Alex Gibney explores the charged issue of pedophilia in the Catholic Church, following a trail from the first known protest against clerical sexual abuse in the United States and all the way to the Vatican.
Documentary about Father Oliver O'Grady, a Catholic priest who was relocated to various parishes around the United States during the 1970s in an attempt by the Catholic Church to cover up his rape of dozens of children.
An in-depth look at the unsolved 1994 Loughinisland massacre, where six Irishmen were murdered, presumably by a Unionist paramilitary group, while watching the World Cup at the local pub in Loughinisland, Northern Ireland.
Oscar-winning filmmaker Alex Gibney exposes the abuse of power in the Catholic Church and a cover-up that winds its way from the row houses of Milwaukee Wisconsin, through the bare ruined choirs of Ireland's churches all the way to the highest office of the Vatican. By investigating the secret crimes of a charismatic priest who abused over 200 deaf children in a school under his control - the film shows the face of evil that lurks behind the smiles and denials of authority figures and institutions who believe that because they stand for good they can do no wrong.Written by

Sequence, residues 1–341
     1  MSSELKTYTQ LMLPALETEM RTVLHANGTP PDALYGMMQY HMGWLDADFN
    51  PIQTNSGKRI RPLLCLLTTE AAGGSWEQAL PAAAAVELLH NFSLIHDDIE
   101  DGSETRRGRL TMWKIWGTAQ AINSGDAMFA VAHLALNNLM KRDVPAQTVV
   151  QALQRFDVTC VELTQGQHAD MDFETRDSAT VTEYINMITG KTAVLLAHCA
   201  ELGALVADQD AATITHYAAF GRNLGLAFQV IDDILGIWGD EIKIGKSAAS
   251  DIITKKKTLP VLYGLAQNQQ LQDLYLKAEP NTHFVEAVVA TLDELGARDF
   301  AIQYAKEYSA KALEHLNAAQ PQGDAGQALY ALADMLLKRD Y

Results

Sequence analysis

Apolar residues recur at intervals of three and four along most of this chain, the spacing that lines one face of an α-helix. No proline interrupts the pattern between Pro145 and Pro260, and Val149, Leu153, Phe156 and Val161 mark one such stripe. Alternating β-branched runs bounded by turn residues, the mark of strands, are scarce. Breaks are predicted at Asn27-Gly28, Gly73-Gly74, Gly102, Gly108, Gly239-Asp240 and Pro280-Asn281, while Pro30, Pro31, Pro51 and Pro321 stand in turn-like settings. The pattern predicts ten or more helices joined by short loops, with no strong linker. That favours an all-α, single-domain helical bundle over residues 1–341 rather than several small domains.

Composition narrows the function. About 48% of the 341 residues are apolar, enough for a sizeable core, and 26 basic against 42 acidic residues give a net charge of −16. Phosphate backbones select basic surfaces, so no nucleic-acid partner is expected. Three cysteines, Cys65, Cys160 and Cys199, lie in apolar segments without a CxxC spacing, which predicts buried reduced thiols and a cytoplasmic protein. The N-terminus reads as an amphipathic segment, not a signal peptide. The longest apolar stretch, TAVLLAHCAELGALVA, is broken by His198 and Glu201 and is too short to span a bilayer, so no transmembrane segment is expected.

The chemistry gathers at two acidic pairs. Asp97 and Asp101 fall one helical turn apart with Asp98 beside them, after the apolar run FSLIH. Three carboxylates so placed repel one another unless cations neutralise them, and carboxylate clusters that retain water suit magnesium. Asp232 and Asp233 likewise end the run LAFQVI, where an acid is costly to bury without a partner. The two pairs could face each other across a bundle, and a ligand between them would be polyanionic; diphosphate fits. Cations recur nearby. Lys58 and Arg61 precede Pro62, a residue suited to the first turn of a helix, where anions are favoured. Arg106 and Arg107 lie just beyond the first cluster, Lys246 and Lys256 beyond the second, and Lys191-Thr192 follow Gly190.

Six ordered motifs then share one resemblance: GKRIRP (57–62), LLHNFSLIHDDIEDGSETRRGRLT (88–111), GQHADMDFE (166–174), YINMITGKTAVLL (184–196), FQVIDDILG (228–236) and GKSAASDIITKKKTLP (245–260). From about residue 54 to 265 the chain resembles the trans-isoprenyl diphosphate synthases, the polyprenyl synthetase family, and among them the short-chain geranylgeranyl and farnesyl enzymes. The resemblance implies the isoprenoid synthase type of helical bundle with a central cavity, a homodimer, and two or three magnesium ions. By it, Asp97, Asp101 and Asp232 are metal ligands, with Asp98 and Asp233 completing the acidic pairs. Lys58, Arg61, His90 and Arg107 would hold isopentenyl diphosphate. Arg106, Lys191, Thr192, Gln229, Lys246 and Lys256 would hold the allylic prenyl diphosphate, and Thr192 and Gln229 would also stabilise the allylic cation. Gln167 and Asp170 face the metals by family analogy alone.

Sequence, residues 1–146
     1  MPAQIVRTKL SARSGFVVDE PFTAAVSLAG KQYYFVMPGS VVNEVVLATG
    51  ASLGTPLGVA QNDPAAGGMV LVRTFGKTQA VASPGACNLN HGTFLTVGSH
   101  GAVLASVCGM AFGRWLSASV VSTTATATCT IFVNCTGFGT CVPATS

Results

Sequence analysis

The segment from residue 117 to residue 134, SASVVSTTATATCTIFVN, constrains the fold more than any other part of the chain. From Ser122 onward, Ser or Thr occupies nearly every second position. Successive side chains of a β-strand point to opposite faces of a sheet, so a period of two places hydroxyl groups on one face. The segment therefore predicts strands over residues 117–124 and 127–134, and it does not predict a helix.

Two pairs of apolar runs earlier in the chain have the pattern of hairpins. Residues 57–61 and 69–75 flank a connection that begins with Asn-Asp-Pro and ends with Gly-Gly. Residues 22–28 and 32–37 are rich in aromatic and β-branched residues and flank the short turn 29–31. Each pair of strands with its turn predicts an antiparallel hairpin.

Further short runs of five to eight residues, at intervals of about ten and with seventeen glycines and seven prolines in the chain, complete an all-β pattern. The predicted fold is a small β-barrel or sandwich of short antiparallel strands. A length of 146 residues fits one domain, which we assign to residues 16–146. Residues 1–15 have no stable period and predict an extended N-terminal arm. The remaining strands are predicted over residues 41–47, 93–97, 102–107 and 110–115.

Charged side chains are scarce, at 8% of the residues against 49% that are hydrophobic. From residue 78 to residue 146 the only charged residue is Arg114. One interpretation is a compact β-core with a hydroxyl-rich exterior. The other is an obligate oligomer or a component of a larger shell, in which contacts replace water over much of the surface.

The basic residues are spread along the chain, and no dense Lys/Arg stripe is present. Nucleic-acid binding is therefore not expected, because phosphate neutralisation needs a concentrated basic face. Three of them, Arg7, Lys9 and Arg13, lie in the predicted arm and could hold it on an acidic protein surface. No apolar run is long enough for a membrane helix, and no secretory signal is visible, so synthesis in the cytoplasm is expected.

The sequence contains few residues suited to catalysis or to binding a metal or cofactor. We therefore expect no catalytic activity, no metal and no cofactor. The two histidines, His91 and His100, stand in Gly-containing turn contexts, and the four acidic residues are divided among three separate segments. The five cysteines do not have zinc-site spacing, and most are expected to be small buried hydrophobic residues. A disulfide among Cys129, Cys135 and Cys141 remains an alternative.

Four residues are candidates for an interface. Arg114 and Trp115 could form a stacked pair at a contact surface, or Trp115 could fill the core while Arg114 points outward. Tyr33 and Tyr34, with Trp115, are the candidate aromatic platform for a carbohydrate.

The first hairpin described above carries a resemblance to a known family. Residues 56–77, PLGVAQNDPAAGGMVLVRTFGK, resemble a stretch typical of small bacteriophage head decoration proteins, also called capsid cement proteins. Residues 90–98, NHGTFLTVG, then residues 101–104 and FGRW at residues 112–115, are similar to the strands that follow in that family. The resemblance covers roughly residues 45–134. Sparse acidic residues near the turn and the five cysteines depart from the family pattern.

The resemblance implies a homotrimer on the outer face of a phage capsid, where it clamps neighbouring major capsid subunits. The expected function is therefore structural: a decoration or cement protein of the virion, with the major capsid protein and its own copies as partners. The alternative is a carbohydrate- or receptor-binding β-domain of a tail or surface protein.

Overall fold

The narration states "In 1929, a cardinal, soon to be Pope Pius XI, signed the Lateran Treaty with the Fascist government of Mussolini to create the Vatican State." Actually, in 1929, Pius XI was already pope, having been elected in 1922. See more »
Is Benedict XVI really resigning because he is Ill?
I just saw this documentary today after hearing about it from my wife, who did not see the whole film. We watched it together. I have never been Catholic, while she had been for a short period while attending an all girls Catholic High School.
What struck me most about the film was the reason that was given for Father Murphy's exit from St John's, for health reasons. Just this morning, Pope Benedict announced he was stepping down for health reasons. It makes me wonder if the release of this documentary had something to do with his decision. If he lives even half as long as Father Murphy did, after he left St John's, it would, in my opinion, give lie to that.
This film needs to be seen by everyone in the world and let them make up their own minds. I do give a lot of credit to the Dubliners that have stopped attending Mass. The documentary stated that they were down to 4% of the Catholics still attending. Good for them!
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